The Pentax Auto 110 is very cute but it’s also a functioning camera. Given its equally cute film size it does a surprisingly good job, but that’s not what it’s all about it’s just fun. What kind of camera is it specifically? It is an SLR with interchangeable lenses that uses 110 size film. That makes it entirely unique in the camera world (The Minolta 110 Zoom SLR has a fixed lens). With the smaller film if you talk about the lens focal length its easiest to equate it to the more familiar 35mm film focal lengths. It’s a straight forward 2x multiplier so the 24mm is equivalent to 48mm and the 50mm is like a 100mm. Because it is an SLR the image you see in the viewfinder is through the lens and there is no issue with parallax. You manually focus as well through the viewfinder using a split image focus screen an experience much like any other SLR it’s just so much smaller. The aperture resides in the body and the lenses have no mechanical linkage so it was necessary for all the lenses to have the same maximum aperture of f2.8. Little touches like this are what made it possible for the engineers to miniaturize an SLR’s functions. Exposure is completely automatic but given the varied situations I shot this roll of film in it works pretty well. Did I mention its fun to use?
Here is a representation of the program line or aperture and shutter speed the camera will select in combination.
As of 2016 it would seem the most viable option for 110 film is Lomography Tiger color negative film.
Sometimes what you need is a little extra width and when it comes to film point and shoot cameras there is nothing like the Pentax 24EW. The Ricoh Gr21 has a wider focal length but does not zoom the Ricoh R1 goes to 24mm but only in its panoramic mode (It can be forcibly made to cover the full frame but at a visible cost in image quality). There is the Vivitar Ultra Wide and Slim but it falls more into the toy camera category. So when it comes time to shoot wide angle with a little versatility this is the camera. Some of the features I’ve gone over previously but are worth mentioning again are: exposure compensation of +-3EV in half stops, spot AF, Macro shooting at 0.3m in wide and 0.5m at telephoto.
The 24-105mm lens is built using 7 elements in 5 groups with apertures of f4.9-12.8 and for that reason it really needs quite a bit of light or fast film to be its most useful.
It’s easily seen even in these small versions of the images that there is a lot of distortion in the corners with the 24EW but at least you are able to record them. In the center of the image it performs as well as most film point and shoot zoom cameras good but never great. I used Kodak 400 film a speed of film that I would recommend as there is no real advantage to using slower film for finer grain this lens just isn’t up to it.
Its difficult to talk about a lens for the Q series of cameras without also talking about the cameras. Even though the lenses are interchangeable, more than any other camera system the two are intrinsically linked. What I mean is that you really can’t talk about one without the other. So while the 06 telephoto is equivalent to a 70-210mm lens on a 35mm format camera it really isn’t the same thing.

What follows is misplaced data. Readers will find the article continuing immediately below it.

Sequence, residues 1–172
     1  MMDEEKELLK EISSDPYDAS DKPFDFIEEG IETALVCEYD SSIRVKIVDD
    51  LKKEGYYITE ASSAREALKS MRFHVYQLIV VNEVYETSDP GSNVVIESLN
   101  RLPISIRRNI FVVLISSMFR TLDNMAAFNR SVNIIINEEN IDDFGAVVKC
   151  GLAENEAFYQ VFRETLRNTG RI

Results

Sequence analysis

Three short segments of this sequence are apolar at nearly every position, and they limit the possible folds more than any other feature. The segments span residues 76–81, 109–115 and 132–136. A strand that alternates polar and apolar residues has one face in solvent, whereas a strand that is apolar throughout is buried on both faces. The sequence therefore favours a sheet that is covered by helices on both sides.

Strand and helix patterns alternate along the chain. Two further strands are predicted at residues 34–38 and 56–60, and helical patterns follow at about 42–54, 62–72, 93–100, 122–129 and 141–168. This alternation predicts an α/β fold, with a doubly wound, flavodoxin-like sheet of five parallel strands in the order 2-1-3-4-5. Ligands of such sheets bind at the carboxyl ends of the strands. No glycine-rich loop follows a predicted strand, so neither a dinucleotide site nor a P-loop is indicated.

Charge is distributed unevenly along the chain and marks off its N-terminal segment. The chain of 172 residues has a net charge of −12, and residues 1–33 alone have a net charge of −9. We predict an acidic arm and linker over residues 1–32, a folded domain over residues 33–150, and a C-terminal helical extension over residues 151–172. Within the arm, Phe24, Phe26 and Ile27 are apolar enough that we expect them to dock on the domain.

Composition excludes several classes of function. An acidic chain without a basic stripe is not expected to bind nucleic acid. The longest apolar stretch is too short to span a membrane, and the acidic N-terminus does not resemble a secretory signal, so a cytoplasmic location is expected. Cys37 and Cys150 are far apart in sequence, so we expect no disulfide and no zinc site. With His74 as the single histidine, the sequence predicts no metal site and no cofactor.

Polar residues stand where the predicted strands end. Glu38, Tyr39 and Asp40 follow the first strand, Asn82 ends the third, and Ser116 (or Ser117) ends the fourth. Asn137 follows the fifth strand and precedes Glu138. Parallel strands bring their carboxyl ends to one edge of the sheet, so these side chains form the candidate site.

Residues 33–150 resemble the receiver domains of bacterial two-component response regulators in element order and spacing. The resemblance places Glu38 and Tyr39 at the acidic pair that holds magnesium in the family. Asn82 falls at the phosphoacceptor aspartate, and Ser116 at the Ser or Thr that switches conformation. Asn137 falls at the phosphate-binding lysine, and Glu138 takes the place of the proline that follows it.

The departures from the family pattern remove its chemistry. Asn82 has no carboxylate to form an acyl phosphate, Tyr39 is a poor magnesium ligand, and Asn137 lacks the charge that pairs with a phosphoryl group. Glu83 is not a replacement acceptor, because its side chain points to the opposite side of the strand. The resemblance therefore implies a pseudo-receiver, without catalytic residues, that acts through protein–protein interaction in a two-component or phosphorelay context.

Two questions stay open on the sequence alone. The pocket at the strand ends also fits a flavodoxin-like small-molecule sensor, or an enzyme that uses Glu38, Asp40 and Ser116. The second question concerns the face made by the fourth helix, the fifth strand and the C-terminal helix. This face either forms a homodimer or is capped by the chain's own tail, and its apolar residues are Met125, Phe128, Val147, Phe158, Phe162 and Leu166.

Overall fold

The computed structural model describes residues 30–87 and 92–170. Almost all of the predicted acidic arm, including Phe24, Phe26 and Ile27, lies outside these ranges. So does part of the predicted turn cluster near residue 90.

The sensor on the Q7 is tiny and that has drawbacks and advantages. The drawbacks are around noise and a very large depth of field. Using the 06 addresses those issues somewhat by being relatively fast at f2.8 across its entire zoom range and also with the longer focal lengths it is possible to isolate a subject against the background. The small sensor also allows for the lens to be built incredibly small, in fact it only weighs 90g
The lens renders the out of focus areas in a nice smooth way leaving the point of interest to stand out effectively. The ability to focus closely is limited though at 100 cm throughout the zoom range which places limits on how large you can reproduce an item, it is no macro lens. Also on the detrimental side of things the small sensor of the Q is prone to purple fringing and moire, the former can be mitigated in editing but high contrast areas can be challenging and can require a little editing or profiling. Also there is a tiny amount of chromatic aberration that also requires addressing to achieve the best results. This despite the fact that the lens is built with 14 elements in 10 groups. 45mm f3.2
Of course you don’t always want a shallow depth of field and for that the Q and its lenses excel. Also stopping down can improve the image quite a bit particularly for distant details.
So once you consider the limitations and if you work within the abilities of the combination you can get pretty good results and when you also consider just how small it all is the 06 zoom is a great little lens worth having for anyone with a Pentax Q series camera.
The Pentax Q 06 Telephoto does provide excellent sharpness across the entire frame as seen above, you can click trough to a full resolution version of this file.
One final note this lens as well as the 01 prime and 02 zoom all have a 40.5mm filter size so can share filters and also lens caps. You can just grab any one from your bag as your changing lenses.
There is something very satisfying about seeing a scene projected onto the ground glass of a twin lens reflex camera and the great thing about the Yashica 44 is its so small it easy to pack around. I’ve written previously on how to convert one to use 35mm film Yashica 44 35mm conversion. One tip though use film that lays flat on its own like this Agfa Vista I used this time around, do not use expired Kodak consumer film, Ektar would be fine but anything with a tendency to curl will drive you to distraction when it comes time to scan it. There is also a satisfaction derived from shooting through the sprocket holes and over the films edges with its unique look.